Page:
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What is 'mask eye' and how can you prevent it?

Marie Claire Dorking
·3-min read
Experts are reporting on something known as 'mask eye'. (Getty Images)
Optometrists are reporting on a problem known as 'mask eye'. (posed by model, Getty Images)

If you’ve noticed that your eyes are feeling a little uncomfortable lately, you’re not alone: More than one in five people are struggling to maintain healthy eyes while wearing face coverings to reduce the spread of coronavirus, according to optometrists.

One of the issues people are struggling with is ‘dry eye’, which can cause irritation, according to research released by the College of Optometrists to mark National Eye Health Week.

We know that wearing a face mask is a vital aspect in helping to reduce the spread of COVID-19, but we’re still getting used to some of the not-so-pleasant side effects of frequently donning a covering.

So far we’ve learnt how to handle the dreaded ‘maskne’, what to do to reverse ‘Covid Face’ and how to deal with your face mask fogging up your glasses.

Now experts are helping us learn how to navigate mask eye.

A report published in the journal Ophthalmology and Therapy back in July details how there has been an increase in cases of eye irritation and dry eye among people who regularly wear face masks.

Watch: How to make your own face mask

Read more: The face mask hacks you need to know

What is ‘mask eye’?

Before we get into the nitty gritty (literally in some cases) of ‘mask eye’, it is important to point out that the annoyance of having to deal with this face mask-related irritant doesn’t in any way outweigh the benefits of wearing one.

But it is useful to know what it is and how to deal with it.

“Many of us are finding that our eyes are paying the price for us wearing a face mask every day,” says Dr Sally Ameen, consultant eye surgeon at Ophthalmic Consultants of London.

“If you wear glasses, you may find yourself seeing the world through the fog of misted up lenses – as the moisture from your exhaled breath condenses on the glass.

“But your breath can also cause problems for your eyes themselves.”

Dr Ameen explains that as your breath blows across the surface of the eye, it can disrupt the tear film – which is the thin layer of lubricant on your eyeball.

“If this film gets dry, your eyelid can scratch your eyeball as it opens and closes, causing soreness and prompting your eye to respond by watering,” she says.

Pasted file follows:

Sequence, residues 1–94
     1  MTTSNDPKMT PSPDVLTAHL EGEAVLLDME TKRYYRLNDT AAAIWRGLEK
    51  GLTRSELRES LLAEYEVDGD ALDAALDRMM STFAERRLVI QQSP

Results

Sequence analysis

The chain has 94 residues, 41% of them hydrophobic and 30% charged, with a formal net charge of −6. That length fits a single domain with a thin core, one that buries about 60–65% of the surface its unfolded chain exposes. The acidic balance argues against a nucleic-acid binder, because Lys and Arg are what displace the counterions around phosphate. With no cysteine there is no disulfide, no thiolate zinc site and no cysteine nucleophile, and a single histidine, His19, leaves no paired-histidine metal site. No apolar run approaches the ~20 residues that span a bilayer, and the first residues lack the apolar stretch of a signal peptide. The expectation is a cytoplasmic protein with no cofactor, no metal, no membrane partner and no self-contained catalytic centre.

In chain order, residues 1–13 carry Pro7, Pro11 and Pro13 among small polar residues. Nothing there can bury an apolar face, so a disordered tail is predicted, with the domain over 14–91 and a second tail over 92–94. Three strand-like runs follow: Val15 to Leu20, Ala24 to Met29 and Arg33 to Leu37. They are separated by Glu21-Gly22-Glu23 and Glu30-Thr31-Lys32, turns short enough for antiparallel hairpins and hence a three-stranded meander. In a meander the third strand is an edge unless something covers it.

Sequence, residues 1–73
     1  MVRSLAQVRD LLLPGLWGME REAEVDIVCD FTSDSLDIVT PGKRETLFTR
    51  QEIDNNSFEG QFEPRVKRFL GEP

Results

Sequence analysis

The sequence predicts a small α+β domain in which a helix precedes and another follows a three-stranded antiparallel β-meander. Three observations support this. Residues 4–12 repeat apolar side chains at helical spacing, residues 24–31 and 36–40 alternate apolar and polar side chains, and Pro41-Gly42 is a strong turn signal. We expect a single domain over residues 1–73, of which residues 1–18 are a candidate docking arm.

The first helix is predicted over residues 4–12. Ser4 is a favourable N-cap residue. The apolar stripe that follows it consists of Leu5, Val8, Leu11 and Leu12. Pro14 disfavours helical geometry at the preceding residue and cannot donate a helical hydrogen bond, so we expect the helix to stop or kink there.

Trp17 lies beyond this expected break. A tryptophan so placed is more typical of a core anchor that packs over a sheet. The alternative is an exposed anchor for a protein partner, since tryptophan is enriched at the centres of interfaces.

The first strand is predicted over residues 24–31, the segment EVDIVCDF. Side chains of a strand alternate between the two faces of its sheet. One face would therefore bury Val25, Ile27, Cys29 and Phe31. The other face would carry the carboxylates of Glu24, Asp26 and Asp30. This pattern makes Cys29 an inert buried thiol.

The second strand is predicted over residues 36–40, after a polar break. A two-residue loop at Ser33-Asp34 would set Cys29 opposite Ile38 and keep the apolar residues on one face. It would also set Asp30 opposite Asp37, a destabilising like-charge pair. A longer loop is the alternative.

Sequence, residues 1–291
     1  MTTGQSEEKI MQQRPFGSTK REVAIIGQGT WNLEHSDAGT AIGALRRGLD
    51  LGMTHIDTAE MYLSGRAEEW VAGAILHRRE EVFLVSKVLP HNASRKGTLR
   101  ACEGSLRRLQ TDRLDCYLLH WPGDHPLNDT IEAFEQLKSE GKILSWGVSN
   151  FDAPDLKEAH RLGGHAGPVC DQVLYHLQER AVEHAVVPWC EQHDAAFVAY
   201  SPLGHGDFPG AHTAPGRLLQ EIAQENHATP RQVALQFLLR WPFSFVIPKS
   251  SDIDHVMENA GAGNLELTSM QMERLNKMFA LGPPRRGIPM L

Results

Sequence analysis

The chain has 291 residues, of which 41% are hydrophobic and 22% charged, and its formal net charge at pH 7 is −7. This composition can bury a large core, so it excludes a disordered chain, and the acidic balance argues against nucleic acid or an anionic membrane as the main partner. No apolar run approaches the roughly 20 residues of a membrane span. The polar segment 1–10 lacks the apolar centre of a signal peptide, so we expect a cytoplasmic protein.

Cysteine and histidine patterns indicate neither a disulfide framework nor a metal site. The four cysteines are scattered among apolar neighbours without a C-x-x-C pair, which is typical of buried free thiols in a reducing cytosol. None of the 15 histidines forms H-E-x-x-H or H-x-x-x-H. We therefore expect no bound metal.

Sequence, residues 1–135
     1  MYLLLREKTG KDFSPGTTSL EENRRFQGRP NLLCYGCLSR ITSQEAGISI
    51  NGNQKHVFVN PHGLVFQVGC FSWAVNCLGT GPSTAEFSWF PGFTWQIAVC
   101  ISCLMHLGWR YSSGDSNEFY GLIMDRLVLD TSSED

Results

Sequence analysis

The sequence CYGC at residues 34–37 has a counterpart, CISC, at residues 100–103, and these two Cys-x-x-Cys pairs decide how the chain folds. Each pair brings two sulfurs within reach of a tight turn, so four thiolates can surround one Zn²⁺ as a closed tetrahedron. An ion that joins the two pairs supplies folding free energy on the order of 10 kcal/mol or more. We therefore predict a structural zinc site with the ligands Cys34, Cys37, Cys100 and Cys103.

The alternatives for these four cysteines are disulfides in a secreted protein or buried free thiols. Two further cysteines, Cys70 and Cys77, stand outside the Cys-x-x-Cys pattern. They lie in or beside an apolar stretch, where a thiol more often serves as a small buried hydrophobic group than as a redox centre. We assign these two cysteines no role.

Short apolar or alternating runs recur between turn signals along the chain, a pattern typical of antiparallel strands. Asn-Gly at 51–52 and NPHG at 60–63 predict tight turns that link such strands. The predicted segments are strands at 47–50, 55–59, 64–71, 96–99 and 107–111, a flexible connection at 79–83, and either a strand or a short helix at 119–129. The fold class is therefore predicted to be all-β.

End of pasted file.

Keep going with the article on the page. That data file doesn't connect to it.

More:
“Your breath will also contain naturally occurring bacteria.

“While this isn’t a problem if your eyes are healthy, it can be an issue if you have an existing eye condition or have recently had eye surgery.”

Read more: Why you should think twice before using a disposable face mask

Wearing a face mask for long periods could lead to eyes feeling irritated. (Getty Images)
Wearing a face mask for long periods could lead to eyes feeling irritated. (Getty Images)

Read more: People warned to snip straps off disposable masks after charity frees hundreds of animals

So what can you do to combat mask eye?

If you find your eyes feeling dry and irritated after wearing a face mask, the best way to deal with it is to use over-the-counter eye drops.

“Preservative-free ones are best, and they are not expensive,” Dr Ameen explains. “A few drops will help stabilise the tear film, soothing the irritation and reducing the redness.”

Making sure your mask fits correctly and in the right position is another potential solution.

“Ordinarily when you breathe out, either through your nose or mouth, the air is taken down and away from your eyes,” says Dr Ameen.

“The problem with face masks is that they can divert the air up towards your eyes – so the best fix is to tape the top of the mask to the bridge of your nose.

“By using surgical tape to gently seal the top of the mask to your skin, you’ll force your breath out the side of the mask and safely away from your eyes.”

Watch: How to protect yourself from ‘mask mouth’

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